A post by Andy Revkin on the Dot Earth blog yesterday asked whether companies that use animals as logos and as symbols for their products should be expected to contribute to related conservation efforts. The example at hand is Apple with their new Mac operating system, “Snow Leopard.”
As Revkin puts it,
Should companies that cash in on the names, images and auras of great, endangered cats and other species help conserve them?
Not surprisingly, some companies already do. One example that comes to mind is the Canadian investment firm AGF. As they explain on their web site, they have been supporting World Wildlife Fund Canada since the 1980s.
AGF first began partnering with WWF-Canada in the 1980s to raise awareness about the Sumatran tiger – our corporate symbol.
A strong, agile and decisive species, the Sumatran tiger embodies qualities that are important to us as an investment management company. Over the years, we have worked with WWF-Canada to save the highly endangered Sumatran tiger and to educate the public about the WWF-Canada’s efforts to protect all endangered species – including a number of tiger species that are close to becoming extinct.
Many of their ads in the 1990s featured the WWF logo and a brief message of support (clicking on this detail from the ad will show you the full ad).
So, sure, it’s nice if companies do provide this type of support, but my guess is that those that do are a small minority. The practice of using animals as corporate symbols is so widespread and claims by these companies (in their advertising anyway) of species-specific support are rare as far as I have seen. As many of the people commenting on Revkin’s post suggest, these companies probably should pony up and the public should encourage them to do so. In fact, one Dot Earth reader posted a comment that linked to a new group that is advocating this, Save Your Logo. And there is at least one group starting to campaign to get Apple to cough up some dough. Is it “exploitation” if they don’t, as Jaime, the reader whose comment prompted Revkin to write the post, suggests? People will disagree on that, but what is interesting is why it needs to be asked.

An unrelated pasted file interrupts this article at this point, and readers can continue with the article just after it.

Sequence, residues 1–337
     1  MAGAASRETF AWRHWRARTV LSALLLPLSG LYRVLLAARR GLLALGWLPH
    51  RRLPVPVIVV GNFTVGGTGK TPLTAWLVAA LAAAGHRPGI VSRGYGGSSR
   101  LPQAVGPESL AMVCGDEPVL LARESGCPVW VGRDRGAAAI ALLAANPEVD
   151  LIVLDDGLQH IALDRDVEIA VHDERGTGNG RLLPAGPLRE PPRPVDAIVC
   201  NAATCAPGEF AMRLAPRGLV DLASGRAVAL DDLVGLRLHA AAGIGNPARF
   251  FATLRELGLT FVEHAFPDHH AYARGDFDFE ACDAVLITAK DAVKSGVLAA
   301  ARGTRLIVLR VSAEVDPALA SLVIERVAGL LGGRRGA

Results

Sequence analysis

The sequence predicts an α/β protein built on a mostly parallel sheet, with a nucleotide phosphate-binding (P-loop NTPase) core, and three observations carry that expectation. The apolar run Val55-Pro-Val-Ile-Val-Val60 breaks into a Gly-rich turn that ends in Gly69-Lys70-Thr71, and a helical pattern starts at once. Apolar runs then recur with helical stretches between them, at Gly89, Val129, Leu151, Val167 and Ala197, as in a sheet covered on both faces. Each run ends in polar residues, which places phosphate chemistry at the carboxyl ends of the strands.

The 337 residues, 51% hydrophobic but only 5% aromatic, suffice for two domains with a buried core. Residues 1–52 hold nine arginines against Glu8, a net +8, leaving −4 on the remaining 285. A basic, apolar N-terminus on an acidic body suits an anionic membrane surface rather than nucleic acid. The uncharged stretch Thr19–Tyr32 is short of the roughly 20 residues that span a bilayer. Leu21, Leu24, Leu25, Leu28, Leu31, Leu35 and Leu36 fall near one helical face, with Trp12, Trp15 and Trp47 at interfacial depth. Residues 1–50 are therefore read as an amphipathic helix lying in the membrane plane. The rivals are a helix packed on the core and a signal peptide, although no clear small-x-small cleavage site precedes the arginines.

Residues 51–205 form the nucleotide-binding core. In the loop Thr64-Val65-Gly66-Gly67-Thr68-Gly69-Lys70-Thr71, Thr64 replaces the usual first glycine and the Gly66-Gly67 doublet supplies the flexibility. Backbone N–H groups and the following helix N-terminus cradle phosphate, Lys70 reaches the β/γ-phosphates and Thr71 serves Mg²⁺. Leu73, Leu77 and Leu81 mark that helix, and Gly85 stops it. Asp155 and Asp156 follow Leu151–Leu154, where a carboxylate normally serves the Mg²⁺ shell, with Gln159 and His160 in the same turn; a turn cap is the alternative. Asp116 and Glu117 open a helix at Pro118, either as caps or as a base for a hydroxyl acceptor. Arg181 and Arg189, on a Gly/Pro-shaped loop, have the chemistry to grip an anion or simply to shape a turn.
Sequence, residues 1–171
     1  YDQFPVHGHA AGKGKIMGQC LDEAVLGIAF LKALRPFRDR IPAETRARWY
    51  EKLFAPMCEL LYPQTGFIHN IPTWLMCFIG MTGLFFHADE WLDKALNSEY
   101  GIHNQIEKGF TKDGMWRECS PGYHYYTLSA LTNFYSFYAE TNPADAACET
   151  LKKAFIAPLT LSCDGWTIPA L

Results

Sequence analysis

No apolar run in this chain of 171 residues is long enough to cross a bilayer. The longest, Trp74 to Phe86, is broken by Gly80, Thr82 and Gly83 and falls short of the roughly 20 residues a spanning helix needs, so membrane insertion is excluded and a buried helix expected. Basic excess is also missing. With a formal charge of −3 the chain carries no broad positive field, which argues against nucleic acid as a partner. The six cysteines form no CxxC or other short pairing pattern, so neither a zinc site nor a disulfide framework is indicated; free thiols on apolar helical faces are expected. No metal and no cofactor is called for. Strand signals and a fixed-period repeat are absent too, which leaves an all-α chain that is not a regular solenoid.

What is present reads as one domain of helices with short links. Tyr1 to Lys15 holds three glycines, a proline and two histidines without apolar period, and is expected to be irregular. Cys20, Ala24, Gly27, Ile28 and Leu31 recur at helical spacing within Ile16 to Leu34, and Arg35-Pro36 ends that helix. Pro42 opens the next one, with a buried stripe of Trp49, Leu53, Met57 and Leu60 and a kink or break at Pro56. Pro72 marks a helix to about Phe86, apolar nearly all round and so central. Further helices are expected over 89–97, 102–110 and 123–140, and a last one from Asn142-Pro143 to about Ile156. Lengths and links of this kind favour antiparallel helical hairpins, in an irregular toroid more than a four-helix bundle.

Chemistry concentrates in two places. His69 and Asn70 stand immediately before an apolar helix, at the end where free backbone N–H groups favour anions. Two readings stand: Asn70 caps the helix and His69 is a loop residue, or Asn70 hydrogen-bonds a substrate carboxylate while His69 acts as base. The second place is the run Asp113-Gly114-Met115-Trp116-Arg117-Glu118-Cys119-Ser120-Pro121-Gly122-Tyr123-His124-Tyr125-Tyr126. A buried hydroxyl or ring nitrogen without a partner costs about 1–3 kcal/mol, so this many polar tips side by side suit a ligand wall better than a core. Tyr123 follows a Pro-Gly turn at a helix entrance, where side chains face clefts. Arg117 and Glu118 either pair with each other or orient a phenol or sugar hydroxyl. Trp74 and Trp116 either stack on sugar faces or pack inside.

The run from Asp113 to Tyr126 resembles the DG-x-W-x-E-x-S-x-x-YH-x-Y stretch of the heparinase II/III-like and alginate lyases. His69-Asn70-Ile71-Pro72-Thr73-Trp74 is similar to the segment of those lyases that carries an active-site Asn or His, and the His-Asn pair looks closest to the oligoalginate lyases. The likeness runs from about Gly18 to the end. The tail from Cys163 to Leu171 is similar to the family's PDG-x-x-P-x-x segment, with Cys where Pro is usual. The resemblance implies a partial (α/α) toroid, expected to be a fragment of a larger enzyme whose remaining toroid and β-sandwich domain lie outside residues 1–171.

The symbolic use of animals is as old as human culture. As Claude Levi-Strauss said, “animals are good to think,” and ever since our earliest cave art (such as Lascaux), we have been using animal symbols to help us make sense of the world. As for this kind of corporate logo/identity/product animal symbolism, it’s simply the attempt to transfer the implied (assumed?) exemplary qualities of the animal to the company or product.
The irony is that in many cases, the real condition of the species is nowhere near as healthy as is implied by these symbolic uses. Apple makes snow leopards seem ubiquitous, powerful, well-fed, and really beautiful. The IUCN lists the snow leopard as an endangered species which means it is “considered to be facing a very high risk of extinction in the wild.”
Such commercial representations of animals tend to portray an idealized and fit natural world that starkly contrasts with reality in the same way that fashion magazines create unrealistic and idealized images of women, except more so.
And this brings me to the question of meaning, rather than just money. As I have suggested, companies use animals symbolically because those animals are meaningful to us while being flexible signifiers. People respond to images of animals and because of the general public’s ignorance of their biological, behavioral, and ecological specificity, animals can be made to play a variety of roles in commercial narratives. In this case we are talking about positively-coded uses of the animals, but there are also many ads that place animals in the role of the bad guy.
One thing to take from this is that people like animals and value the qualities that they are thought to exemplify. This is a good sign, I think, for it suggests we can still recover a sense of identification with other animals. However, it is not enough to simply say that more money needs to go into conservation efforts. The problem that underlies species extinction is much deeper than that. It is, I suggest, partly a problem of meaning. Animals don’t mean enough to us and what they do mean is often limited. Not only do we not really understand them very well, we also don’t value them in a way that would be conducive to protecting them. We tend to see them as resources–both symbolic and material–to be exploited for our benefit.
When our culture and our companies can see beyond that narrow meaning to give the natural world the respect and consideration it deserves, perhaps we’ll no longer have these kinds of (mis)representations and we won’t have to ask whether or not they are a form of exploitation; we’ll know they once were.